Bang & Olufsen Beoplay Portal review: “If you can afford them youll love them”

There aren’t many gaming headsets on the market that can sneak into hipster bars and boutiques unnoticed, but one of the Bang & Olufsen Beoplay Portal headset’s superpowers is packing serious gaming audio into a sleek and seductive package. We tested the PS5 and PC version, but it’s also available for Xbox, and will basically link up to any audio device that uses Bluetooth. 

With a $499 price point, the Beoplay Portal needed to be seriously impressive to feel like anything but a scam and to have a good chance of making it onto our best gaming headset and best PS5 headset list. But, luckily, this headset absolutely delivers. Not only will it beat any gaming headset currently on the market for performance, but it will give your current normie headphone or earbuds a run for their money too. When you realize this headset could take the place of two of your most-used pieces of kit, the price almost doesn’t hurt.

Bang & Olufsen Beoplay Portal

(Image credit: Future/Rachel Weber)

Design & features

Let’s be brutally honest. Usually, even the best headsets aren’t something you’d want your non-gaming, normie friends to see you in. Either it’s all RGB lighting and helicopter pilot mic or minimal but cheap plastic. The Bang & Olufsen Beoplay Portal headphones eliminate that entire dilemma, with premium materials and a classic design. The over-ear style uses aluminum and leather to great effect, and the “Virtual Boom Arm” tech means no external microphone, so no more looking like you’re trying to fly a chopper out of ‘Nam. Basically, imagine what James Bond might ask Q to design for his marathon Stardew Valley sessions, and you’ve got the Beoplay Portal.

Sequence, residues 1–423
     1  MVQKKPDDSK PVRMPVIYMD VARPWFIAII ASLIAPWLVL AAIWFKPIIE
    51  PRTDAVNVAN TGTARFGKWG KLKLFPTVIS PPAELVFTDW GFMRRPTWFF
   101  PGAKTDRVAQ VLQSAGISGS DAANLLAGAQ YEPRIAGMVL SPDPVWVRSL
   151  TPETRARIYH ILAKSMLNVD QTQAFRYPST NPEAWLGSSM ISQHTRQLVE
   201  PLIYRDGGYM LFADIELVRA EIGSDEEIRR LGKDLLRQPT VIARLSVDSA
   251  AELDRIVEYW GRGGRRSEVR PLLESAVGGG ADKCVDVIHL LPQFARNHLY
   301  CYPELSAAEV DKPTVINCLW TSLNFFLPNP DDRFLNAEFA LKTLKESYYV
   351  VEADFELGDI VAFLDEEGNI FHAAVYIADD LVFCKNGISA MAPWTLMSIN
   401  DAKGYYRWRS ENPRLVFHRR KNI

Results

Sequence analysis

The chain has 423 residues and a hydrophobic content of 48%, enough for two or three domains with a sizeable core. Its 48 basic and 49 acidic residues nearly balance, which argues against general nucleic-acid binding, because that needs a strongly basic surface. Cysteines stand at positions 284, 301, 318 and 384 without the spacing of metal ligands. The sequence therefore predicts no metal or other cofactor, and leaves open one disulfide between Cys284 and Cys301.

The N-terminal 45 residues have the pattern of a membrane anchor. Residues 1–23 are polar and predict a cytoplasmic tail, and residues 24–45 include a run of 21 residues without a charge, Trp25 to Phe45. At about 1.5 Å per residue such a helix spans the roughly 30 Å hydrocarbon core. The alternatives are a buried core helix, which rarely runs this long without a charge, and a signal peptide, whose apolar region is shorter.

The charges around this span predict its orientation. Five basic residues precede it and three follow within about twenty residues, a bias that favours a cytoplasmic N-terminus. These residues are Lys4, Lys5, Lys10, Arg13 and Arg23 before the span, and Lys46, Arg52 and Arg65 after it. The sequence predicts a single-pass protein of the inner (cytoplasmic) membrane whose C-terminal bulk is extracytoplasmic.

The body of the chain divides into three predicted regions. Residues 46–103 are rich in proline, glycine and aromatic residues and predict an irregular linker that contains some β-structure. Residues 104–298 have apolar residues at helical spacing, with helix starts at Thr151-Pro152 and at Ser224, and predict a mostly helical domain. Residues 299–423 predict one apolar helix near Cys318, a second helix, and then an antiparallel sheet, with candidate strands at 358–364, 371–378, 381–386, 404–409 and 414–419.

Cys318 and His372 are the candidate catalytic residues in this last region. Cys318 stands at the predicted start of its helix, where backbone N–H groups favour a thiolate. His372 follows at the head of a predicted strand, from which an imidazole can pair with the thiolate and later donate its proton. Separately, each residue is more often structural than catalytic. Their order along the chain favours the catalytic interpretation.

During testing, I wore these from the couch to commute without a break, and even after a very long and late-night game grind, felt only mild discomfort from the pressure on my ears. The PC and PS5 version of the Portal comes in at 279g – for comparison, the Razer BlackShark V2 comes in at around 240g – but feels well balanced with a headband that uses bamboo fibre so your brain can breathe. Once I pulled them off there was no obvious pressure point on my scalp that felt sore, and my ears didn’t feel as though they’d been clamped in an angry UFC fighter’s head hold either. 

And while the Beoplay Portal headset might have a minimalist design, the list of features turns everything up to 11. First off there’s the adaptive active noise cancellation. My go-to headphones for blocking out the world at home were the Bose QuietComfort, which I thought were god-tier, but they’re a few years old and damn you can hear (or not hear?) the difference with the Beoplay Portal. I’m almost excited to sit next to a screaming baby on my next flight.

Bang & Olufsen Beoplay Portal

(Image credit: Future/Rachel Weber)

The Portal also packs in transparency mode – otherwise known as the “it’s better if you can hear the zombies coming” mode – and an optional app with presets like music, podcast, and gaming and EQ controls for fine-tuning to your liking. If you’re the sort of person who says things like “vinyl just sounds warmer, you know?” at parties then you’ll want to fiddle with the settings to get the balance right for the most immersive gaming. The basics – volume, power, noise-canceling mode, and Bluetooth – are all managed with subtle buttons on the earcups.